In addition, state income tax revenue likely also was affected by the possibility of federal tax cuts or other tax policy changes with the election of President Donald Trump, leading some taxpayers—especially high-income earners—to delay income until 2017 or accelerate deductions to try to lower their tax liabilities.
Although drops in total collections are rare, slow growth alone can lead to difficulties in balancing a state budget. Even if revenue increases, states may face higher expenditures due to population growth, changes in Medicaid costs and enrollment, and deferred or new needs for schools, safety-net programs, corrections, employee salaries and pensions, and road maintenance and construction.
Overall, state tax collections have bounced back more slowly after the 2007-09 recession than after the three previous downturns. Nationally, tax revenue recovered from its losses in mid-2013, after accounting for inflation. But individual state results have differed dramatically depending on economic conditions, population changes, and tax policy choices since the recession.
In 2010, North Dakota was the first state to surpass its recession-era peak, followed by Vermont, then Arkansas and New York by mid-2011. Tax receipts were above peak in eight states at the end of calendar 2011; 16 states at the end of 2012; 23 states at the end of 2013; 20 states at the end of 2014; 28 states at the end of 2015; and 32 states at the end of 2016.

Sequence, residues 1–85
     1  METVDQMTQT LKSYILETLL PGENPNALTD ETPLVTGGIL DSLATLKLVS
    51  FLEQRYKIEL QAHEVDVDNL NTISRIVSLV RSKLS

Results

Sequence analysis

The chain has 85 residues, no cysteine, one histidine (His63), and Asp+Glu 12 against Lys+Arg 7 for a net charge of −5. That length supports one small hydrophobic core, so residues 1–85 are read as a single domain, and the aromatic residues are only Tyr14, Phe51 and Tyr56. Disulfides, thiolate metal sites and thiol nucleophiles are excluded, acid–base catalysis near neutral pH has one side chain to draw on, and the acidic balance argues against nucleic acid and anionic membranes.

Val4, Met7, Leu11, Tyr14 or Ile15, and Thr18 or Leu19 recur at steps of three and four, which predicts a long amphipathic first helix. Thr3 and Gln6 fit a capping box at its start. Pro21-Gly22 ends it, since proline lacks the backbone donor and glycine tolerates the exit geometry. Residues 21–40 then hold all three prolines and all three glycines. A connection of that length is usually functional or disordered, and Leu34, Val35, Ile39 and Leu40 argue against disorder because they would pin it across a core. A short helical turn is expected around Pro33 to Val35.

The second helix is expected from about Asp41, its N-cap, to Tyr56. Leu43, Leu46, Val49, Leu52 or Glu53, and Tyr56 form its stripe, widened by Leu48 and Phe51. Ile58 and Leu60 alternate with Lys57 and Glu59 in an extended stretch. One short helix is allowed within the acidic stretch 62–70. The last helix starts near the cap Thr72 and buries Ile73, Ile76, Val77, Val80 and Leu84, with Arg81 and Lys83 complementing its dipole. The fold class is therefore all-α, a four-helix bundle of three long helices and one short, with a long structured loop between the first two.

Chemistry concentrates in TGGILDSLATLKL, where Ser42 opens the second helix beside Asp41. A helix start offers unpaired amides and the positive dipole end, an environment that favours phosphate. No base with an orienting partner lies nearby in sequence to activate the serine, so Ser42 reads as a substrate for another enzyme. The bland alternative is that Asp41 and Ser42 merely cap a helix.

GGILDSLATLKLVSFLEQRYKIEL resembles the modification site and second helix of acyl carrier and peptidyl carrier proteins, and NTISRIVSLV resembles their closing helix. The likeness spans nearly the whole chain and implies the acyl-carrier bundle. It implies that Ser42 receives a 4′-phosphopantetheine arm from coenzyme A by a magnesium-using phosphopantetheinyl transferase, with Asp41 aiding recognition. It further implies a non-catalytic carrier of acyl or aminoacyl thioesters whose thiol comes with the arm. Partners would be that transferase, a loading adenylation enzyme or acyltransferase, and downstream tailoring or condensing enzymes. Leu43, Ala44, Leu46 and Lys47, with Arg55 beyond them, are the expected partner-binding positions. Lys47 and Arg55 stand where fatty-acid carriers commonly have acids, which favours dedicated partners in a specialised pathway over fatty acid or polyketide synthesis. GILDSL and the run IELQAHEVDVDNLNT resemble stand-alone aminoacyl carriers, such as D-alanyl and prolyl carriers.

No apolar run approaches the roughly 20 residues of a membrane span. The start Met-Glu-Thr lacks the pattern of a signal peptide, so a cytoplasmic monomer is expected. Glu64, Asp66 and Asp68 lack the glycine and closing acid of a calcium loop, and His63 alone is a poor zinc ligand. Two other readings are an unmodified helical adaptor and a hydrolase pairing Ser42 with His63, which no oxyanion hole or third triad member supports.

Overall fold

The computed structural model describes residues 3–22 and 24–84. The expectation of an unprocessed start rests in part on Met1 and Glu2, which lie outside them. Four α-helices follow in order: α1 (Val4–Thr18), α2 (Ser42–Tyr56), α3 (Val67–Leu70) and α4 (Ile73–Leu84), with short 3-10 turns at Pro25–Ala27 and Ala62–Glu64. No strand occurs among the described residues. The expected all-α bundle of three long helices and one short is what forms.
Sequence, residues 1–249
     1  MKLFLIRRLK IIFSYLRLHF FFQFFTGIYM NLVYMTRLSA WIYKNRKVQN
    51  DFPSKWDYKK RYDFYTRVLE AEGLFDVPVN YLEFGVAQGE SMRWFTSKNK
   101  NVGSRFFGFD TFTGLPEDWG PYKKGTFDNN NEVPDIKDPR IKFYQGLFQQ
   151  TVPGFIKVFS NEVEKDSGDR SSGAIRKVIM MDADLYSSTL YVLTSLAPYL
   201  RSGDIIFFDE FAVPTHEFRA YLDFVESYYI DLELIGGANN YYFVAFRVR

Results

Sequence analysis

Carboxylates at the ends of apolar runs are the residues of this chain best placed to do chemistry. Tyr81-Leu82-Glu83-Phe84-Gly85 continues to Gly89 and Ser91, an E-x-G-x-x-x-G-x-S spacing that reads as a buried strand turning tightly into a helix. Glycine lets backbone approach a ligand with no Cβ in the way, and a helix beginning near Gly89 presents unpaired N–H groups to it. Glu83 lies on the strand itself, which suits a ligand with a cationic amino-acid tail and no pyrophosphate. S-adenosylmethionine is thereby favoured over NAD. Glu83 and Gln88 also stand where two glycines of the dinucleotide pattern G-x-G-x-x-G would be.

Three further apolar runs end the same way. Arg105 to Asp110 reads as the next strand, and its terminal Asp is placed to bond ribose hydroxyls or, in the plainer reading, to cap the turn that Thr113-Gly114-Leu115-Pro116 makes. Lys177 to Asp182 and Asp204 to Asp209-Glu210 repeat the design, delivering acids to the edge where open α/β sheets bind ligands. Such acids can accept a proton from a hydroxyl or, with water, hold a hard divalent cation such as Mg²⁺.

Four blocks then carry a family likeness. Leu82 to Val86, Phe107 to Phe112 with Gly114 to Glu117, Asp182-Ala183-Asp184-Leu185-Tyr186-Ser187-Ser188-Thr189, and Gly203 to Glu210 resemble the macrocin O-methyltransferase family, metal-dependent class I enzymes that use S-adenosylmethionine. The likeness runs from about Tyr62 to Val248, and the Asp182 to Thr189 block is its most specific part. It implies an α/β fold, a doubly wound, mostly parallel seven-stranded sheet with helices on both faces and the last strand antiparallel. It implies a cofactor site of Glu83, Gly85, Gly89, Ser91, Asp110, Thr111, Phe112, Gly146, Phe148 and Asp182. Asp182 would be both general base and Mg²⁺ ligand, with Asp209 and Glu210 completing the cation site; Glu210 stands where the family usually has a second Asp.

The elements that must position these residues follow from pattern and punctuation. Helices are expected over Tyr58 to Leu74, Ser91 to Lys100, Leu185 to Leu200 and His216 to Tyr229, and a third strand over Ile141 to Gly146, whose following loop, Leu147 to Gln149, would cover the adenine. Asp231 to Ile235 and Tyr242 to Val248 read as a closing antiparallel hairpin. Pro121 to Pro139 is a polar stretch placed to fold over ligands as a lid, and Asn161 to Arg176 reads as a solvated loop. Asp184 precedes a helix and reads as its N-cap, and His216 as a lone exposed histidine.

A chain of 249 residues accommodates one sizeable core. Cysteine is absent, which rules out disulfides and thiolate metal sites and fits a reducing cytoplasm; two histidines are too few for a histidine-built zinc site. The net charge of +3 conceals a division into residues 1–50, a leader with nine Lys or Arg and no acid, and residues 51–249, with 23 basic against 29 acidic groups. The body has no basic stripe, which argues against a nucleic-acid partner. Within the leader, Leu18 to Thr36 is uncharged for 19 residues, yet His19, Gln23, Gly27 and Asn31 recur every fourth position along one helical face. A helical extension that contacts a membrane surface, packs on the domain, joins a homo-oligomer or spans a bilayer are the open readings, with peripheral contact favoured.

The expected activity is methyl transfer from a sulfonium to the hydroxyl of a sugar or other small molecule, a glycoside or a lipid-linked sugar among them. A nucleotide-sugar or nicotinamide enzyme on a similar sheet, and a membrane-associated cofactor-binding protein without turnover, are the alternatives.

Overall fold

Among states in which tax revenue has recovered, some, such as Nevada and Washington, have raised taxes since the recession, contributing to gains. Among states in which receipts remain below their previous peaks, some, such as Florida and Ohio, chose to cut taxes since the recession.
State budgets do not adjust revenue for inflation, so tax revenue totals in states’ own documents will appear higher than or closer to pre-recession totals. Without adjusting for inflation, 50-state tax revenue was 19.4 percent above peak and tax collections had recovered in 44 states—all except Alaska, Florida, Louisiana, New Mexico, Oklahoma, and Wyoming—as of the fourth quarter of 2016. Unadjusted figures do not take into account changes in the price of goods and services.
Adjusting for inflation is just one way to evaluate state tax revenue growth. Different insights would be gained by tracking revenue relative to population growth or state economic output.
Download the data to see individual state trends from the first quarter of 2006 to the fourth quarter of 2016. Visit The Pew Charitable Trusts’ interactive resource Fiscal 50: State Trends and Analysis to sort and analyze data for other indicators of state fiscal health.